Work-related injuries often raise complicated issues regarding liability especially when multiple insurance companies are involved. It can be incredibly difficult to know whether an insurance company has a duty to provide coverage in a lawsuit or whether you are being treated in a fair manner. The workers’ compensation and personal injury lawyers at Therman Law Offices have helped many injured workers to receive the judgment or compensation that they deserve following a work injury and we are standing by to assist you.
Recently, the Illinois Court of Appeal considered a case involving a worker who suffered injuries while working on an escalator. A construction company had hired an escalator company as a subcontractor on a project. The injured worker was an employee for the escalator company. According to the parties’ subcontract agreement, the escalator company named the general contractor and the owner of the property where the construction was taking place as additional insureds under its insurance policy.
When the man was injured, he sued the general contractor and the owner of the premises. The general contractor deferred the claim to the escalator company that employed the worker, but it denied coverage. The general contractor then filed a complaint seeking a declaratory judgment that the escalator company’s insurer had a duty to defend and indemnify the general contractor as an additional insured. It added the escalator company as an additional defendant and argued that it may have breached the subcontract agreement by failing to have adequate insurance.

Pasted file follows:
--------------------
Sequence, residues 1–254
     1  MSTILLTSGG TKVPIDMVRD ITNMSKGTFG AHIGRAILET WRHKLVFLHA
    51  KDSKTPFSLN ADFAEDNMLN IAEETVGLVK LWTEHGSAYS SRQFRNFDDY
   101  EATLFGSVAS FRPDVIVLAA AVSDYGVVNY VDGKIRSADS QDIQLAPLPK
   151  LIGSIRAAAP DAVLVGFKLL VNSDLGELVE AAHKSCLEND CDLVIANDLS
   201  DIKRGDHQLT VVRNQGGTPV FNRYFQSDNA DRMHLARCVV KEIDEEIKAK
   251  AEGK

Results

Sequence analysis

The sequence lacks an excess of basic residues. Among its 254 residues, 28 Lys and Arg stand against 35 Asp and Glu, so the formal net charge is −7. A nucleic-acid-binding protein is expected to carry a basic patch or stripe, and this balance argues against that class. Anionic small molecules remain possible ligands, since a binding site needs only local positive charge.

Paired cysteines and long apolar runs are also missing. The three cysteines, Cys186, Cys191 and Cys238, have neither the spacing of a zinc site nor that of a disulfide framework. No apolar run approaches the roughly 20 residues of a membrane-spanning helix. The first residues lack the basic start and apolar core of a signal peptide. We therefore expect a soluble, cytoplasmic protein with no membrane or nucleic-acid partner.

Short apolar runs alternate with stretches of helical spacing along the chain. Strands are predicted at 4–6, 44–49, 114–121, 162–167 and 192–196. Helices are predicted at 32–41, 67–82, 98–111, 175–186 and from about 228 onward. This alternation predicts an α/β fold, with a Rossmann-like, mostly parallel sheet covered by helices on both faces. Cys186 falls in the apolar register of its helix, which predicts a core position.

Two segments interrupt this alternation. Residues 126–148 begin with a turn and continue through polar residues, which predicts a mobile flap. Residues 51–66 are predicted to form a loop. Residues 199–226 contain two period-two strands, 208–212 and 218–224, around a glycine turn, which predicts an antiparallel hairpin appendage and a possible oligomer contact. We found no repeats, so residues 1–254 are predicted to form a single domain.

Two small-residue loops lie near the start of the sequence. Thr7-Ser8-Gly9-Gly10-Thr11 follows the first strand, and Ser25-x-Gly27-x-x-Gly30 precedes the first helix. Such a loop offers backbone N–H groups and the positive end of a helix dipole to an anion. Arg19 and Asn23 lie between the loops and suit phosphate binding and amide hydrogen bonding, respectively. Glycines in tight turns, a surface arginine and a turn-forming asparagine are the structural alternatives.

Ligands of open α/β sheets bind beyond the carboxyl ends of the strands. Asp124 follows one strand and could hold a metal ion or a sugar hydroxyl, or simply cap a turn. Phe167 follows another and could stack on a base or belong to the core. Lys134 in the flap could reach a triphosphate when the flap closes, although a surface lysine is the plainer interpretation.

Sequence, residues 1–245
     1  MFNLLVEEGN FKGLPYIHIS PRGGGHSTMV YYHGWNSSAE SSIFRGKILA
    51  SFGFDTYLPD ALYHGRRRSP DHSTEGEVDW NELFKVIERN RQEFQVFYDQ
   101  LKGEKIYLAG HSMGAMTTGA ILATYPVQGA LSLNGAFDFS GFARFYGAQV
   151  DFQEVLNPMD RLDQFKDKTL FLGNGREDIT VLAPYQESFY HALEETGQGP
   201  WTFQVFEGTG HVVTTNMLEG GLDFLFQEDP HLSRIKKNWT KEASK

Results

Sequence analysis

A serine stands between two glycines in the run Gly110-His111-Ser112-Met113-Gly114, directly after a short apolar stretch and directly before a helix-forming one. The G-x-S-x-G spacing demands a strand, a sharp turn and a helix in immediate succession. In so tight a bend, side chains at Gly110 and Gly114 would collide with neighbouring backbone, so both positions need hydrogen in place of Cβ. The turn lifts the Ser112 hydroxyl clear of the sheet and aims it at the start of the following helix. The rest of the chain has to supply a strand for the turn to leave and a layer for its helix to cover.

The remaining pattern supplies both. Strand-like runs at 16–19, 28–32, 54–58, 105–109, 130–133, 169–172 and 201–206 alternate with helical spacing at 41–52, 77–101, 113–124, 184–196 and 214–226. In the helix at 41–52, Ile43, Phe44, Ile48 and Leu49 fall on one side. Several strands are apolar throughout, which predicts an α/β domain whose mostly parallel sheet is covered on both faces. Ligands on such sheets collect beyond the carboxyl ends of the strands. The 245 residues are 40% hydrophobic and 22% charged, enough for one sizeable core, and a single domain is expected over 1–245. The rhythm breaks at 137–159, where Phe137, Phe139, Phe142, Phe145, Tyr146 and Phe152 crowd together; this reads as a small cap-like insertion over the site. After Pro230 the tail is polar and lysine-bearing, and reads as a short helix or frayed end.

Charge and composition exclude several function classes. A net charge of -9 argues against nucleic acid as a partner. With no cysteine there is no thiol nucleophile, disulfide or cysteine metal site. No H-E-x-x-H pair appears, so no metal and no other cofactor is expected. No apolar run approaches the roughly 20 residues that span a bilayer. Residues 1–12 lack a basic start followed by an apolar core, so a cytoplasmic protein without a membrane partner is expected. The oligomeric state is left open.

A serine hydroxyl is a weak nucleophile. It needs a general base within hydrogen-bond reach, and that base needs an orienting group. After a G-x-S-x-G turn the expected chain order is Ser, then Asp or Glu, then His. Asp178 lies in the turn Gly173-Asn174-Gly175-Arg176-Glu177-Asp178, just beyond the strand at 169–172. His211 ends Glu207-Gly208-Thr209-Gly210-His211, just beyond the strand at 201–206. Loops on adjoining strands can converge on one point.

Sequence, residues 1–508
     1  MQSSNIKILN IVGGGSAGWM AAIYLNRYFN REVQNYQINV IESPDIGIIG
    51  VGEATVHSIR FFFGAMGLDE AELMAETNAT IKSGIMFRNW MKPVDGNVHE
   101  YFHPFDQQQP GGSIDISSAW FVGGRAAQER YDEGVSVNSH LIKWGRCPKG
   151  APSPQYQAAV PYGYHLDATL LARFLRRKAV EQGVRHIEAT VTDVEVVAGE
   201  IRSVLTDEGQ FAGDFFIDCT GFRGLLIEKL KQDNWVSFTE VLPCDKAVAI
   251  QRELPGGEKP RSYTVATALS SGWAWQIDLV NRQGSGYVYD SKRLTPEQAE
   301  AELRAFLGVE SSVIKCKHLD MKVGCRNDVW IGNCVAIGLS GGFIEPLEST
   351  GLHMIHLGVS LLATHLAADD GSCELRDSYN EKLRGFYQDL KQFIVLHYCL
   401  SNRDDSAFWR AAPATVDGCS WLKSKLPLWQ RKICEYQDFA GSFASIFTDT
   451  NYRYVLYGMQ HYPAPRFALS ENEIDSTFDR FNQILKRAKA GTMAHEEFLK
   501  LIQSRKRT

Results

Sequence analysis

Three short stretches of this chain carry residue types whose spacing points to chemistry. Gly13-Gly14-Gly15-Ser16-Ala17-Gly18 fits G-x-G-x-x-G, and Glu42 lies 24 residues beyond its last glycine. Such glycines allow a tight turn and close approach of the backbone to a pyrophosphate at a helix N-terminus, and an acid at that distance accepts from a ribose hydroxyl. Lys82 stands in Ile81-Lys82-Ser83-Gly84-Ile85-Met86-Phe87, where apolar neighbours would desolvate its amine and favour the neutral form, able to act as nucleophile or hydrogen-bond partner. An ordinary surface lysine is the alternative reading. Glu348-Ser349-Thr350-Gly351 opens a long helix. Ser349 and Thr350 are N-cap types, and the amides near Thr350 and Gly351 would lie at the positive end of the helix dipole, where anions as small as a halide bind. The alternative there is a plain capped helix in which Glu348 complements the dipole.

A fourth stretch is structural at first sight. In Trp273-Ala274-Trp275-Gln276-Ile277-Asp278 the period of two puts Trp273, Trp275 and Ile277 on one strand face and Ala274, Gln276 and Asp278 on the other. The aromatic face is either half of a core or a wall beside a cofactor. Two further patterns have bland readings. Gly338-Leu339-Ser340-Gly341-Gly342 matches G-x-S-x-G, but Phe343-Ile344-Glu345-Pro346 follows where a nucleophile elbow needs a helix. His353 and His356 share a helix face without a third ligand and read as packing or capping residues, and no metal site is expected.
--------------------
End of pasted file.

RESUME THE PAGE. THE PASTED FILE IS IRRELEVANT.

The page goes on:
The escalator company and its insurer filed motions for judgment on the pleadings stating that the general contractor was not entitled to relief because nothing in its complaint alleged that the escalator company acted in a negligent way. The general contractor counter-argued that because the man was injured in the course and scope of employment, it was directly implicated as his employer. The trial court ultimately granted the defendant’s motion for judgment on the pleadings and denied the general contractor’s motion for reconsideration.
The general contractor appealed, and the appellate court reversed finding that the escalator company and its insurer were not entitled to judgment on the pleadings because the complaint’s allegations must be read within the context of Illinois’ Workers’ Compensation Act. Where there is silence in a complaint about an employer’s potential negligence, it must be interpreted as the possible result of employer’s immunity from tort actions where an employee is injured in the course and scope of employment. The appellate court determined that the escalator company’s insurer had a duty to defend the general contractor because the escalator company may have caused the man’s injuries in its capacity as his employer.
If you were hurt at work or you are involved in an insurance dispute involving personal injuries that you sustained as a result of someone’s negligence, then it is important for you to speak to a knowledgeable attorney right away to make sure that you are being treated fairly. Insurance companies don’t always have injured person’s best interests in mind, and it can be hard to understand your rights under a policy when you are also coping with the hardship of your injuries and the disruption in your life. Contact us today at 773-545-8849 or contact us online to get started.